Every so often, a new phrase or buzzword does the rounds for a bit before it goes off to join the other forgotten buzzwords in the sky, only to be recalled at corporate parties for a laugh, or to gauge how long someone has been in the trade. However, a select few remain firmly embedded in the security lexicon because of the way they continuously enrich our lives and businesses. Security intelligence is a phrase with such staying power.

What Is Security Intelligence?

Security intelligence is actionable threat data compiled from security information and event management (SIEM), user behavior analytics (UBA), log management, and other tools and sources to aid incident response planning and decision-making around data breaches.

It’s all in a day’s work for security professionals, but what does all that security data mean to your business leaders?

Imagine your chief operating officer (COO) strolls up to your desk and asks you, “How fit are we on our security intelligence?” If they are like the COOs I’ve worked with, they’ve done a bit of homework before approaching you with this question. No amount of techno-babble, hand waving or staring off into the distance like Jack Sparrow will get you through this conversation — it’s not like we’re talking about encryption, after all.

A few things might run through your head at this point. You might think to yourself, “The board must’ve heard another buzzword at a conference, and now they want me to tell them what it is,” or, “Clearly, this is the new name for the logging and event management we’ve been doing for ages.” Well, yes and no.

Yes, security intelligence is a relatively new buzzword that has made its way into executives’ vocabulary.

Yes, you have been collecting logs and events for ages, and every now and then — in an increasingly worrying trend — something hits a threshold that makes you wonder, “Now, what’s going on there?”

Yes, you are going to have to explain it and assure top leadership that you are on top of it.


No, the way you have operated for all these years is not enough to keep up with the evolving cyberthreat landscape. Looking at logs and events in isolation is inadequate because the chain of attacks has morphed into something that is beyond traditional thinking and technology.

And no, security intelligence isn’t going away. In fact, I wouldn’t be surprised to see a surge in job postings for information security intelligence professionals in the near — if not immediate — future.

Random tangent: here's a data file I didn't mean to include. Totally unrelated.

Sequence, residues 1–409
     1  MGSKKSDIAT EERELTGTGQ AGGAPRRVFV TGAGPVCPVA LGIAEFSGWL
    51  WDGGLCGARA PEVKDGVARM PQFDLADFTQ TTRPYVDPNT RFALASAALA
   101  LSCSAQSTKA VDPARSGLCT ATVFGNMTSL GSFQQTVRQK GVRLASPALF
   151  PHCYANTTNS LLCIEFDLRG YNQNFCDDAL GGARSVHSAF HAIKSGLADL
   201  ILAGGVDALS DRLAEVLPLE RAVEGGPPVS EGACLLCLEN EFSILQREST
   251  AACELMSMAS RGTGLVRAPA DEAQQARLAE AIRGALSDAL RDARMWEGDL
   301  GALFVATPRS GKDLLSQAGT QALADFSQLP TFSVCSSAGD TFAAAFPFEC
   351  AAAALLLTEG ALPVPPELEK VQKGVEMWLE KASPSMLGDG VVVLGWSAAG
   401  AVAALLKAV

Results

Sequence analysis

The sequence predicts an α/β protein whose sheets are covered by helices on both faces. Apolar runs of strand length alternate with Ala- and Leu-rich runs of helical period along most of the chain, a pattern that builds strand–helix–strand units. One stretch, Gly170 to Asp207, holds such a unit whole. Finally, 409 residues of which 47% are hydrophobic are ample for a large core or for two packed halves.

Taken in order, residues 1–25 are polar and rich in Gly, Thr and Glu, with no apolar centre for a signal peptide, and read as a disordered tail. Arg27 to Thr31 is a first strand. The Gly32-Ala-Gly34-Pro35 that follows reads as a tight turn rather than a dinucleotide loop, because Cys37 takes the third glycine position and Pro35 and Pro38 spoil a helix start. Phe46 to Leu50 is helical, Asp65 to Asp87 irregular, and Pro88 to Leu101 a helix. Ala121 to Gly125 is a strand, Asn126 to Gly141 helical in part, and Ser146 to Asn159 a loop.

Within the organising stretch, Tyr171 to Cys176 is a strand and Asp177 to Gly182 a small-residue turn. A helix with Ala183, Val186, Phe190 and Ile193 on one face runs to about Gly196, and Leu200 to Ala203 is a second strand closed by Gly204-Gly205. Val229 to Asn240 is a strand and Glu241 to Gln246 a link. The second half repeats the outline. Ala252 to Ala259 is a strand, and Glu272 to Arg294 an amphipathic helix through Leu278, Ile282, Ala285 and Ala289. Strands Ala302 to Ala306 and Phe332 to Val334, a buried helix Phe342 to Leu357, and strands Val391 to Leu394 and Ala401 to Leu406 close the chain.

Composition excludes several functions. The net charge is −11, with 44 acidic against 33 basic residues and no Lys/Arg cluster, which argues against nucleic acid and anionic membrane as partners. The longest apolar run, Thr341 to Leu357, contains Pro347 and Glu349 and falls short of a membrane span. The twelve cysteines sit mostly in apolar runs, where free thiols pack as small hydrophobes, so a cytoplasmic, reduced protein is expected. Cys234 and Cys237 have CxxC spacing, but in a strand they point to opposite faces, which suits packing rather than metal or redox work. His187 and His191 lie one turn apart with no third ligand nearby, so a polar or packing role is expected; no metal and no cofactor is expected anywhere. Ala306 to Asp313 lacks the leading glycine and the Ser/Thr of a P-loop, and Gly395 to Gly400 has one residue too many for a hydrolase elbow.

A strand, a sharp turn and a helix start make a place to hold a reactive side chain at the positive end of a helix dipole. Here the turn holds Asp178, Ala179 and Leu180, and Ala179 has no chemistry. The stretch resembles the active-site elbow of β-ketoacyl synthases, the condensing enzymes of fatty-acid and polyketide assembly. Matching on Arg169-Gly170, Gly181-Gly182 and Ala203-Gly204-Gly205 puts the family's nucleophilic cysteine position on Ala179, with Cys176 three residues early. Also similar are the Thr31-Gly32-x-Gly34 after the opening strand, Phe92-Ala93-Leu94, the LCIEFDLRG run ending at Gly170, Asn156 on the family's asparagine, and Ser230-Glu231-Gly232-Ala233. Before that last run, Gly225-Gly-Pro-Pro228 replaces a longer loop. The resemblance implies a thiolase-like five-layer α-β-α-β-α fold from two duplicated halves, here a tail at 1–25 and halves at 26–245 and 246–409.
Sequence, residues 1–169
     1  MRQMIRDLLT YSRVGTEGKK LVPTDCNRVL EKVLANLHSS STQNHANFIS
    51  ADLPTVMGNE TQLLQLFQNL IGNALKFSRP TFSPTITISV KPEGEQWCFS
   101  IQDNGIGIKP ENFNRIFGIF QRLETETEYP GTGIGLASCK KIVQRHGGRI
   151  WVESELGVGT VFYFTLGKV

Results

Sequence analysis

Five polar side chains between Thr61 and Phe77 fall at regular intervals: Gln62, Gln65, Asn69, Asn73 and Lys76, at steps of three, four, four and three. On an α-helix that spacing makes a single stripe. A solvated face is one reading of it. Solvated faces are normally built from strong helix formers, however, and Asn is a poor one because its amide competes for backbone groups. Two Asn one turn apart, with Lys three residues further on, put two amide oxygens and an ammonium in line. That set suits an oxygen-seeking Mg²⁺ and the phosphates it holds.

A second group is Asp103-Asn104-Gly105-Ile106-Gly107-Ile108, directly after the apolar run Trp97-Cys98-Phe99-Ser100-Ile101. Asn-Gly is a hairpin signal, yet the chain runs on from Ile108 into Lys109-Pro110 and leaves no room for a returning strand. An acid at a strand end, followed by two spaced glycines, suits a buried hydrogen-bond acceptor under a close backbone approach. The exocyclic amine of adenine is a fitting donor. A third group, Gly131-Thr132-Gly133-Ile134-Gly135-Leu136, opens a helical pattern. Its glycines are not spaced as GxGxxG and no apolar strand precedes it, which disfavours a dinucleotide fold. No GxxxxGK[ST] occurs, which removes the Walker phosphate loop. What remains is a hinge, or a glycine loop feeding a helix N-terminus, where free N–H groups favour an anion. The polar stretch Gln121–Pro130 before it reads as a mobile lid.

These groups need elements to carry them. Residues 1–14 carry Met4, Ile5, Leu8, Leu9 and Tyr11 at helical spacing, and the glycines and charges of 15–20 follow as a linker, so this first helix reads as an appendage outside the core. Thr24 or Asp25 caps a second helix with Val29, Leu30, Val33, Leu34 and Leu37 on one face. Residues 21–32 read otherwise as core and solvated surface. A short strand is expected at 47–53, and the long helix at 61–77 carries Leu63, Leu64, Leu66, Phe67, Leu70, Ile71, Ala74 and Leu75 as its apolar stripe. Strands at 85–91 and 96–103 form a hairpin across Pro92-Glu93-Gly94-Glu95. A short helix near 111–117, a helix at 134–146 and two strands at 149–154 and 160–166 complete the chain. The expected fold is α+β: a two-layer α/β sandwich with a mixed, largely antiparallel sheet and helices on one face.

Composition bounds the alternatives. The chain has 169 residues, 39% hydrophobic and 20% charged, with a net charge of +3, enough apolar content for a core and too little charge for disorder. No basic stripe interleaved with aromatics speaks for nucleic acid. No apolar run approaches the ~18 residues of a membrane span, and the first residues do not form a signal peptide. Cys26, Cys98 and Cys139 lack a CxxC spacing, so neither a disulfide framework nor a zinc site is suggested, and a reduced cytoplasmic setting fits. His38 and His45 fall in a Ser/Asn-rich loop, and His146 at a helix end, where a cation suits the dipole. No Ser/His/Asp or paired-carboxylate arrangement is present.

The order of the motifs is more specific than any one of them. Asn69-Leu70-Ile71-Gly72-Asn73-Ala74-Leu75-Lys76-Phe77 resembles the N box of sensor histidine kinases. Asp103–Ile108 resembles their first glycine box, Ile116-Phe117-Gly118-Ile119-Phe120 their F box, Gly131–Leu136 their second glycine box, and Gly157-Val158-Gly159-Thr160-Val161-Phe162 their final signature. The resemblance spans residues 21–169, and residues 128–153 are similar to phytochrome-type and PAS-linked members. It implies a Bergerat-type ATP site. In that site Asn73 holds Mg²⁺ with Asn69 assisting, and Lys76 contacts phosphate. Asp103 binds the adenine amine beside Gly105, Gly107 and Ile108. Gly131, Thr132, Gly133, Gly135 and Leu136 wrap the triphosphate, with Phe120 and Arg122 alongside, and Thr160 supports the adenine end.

What Does a Successful Security Intelligence Program Look Like?

To put it simply, you need to be able to consume, analyze and asses the vast amount of security information passing through your network. We’re talking network devices, host operating systems, applications, databases, user activity and more.

The analytics must be able to identify, manage and prioritize the threats that pose the most risk, consummate with the organization’s risk appetite. It’s more than just security information and event management (SIEM) and risk management; it needs to be done in near real time and capable of automating incident response and compliance.

The world of cybercrime is constantly evolving, and threat actors are growing more sophisticated by the minute. When you’re bombarded with billions of events on thousands of endpoints every day, how can you interpret all that information to reveal threats lurking on your network and targeting your organization?

You need a security intelligence solution that can:

  • Provide full visibility into your network, application and user activity;
  • Identify high-risk threats;
  • Correlate those threats in near real time with behavioral anomaly detection;
  • Detect and understand vulnerabilities; and
  • Determine where high-priority incidents are occurring that would not normally rattle a threshold in the traditional way of using SIEM.

Staying ahead of this wave is difficult, and solutions often seem too big and complicated. Remember, you already have a lot of the answers in place; it’s more a question of how do we stitch all that data together to aid decision-making in this ever-changing cybersecurity landscape?

You’ll need a strategy to help you get your security intelligence program off the ground, but it’ll likely resemble the one you already have in place, because you should already know your networks, systems and data, and the threat model and attack surface should be in place. From your SIEM tools, you know what your data sources are, have specified events and use cases, and understand your thresholds.

Show How Security Impacts the Bottom Line

Even when threat analysis and risk management are in place, it’s critical to extract the right actionable information to inform the executive decision-making process regarding the reputation, profitability and overall health of the business. How are you measuring the success or value of your tools, reporting and communications? There is no case for improvement without feedback.

The myriad security incidents reported in the press emphasize the need and business case for better, smarter tooling that can respond in an automated fashion using artificial intelligence to analyze huge amounts of data at speed. If you can show why it is important and how it impacts the business’ bottom line, you should have no problem getting increasingly security-aware COOs and business leaders on the same page with your security intelligence strategy.

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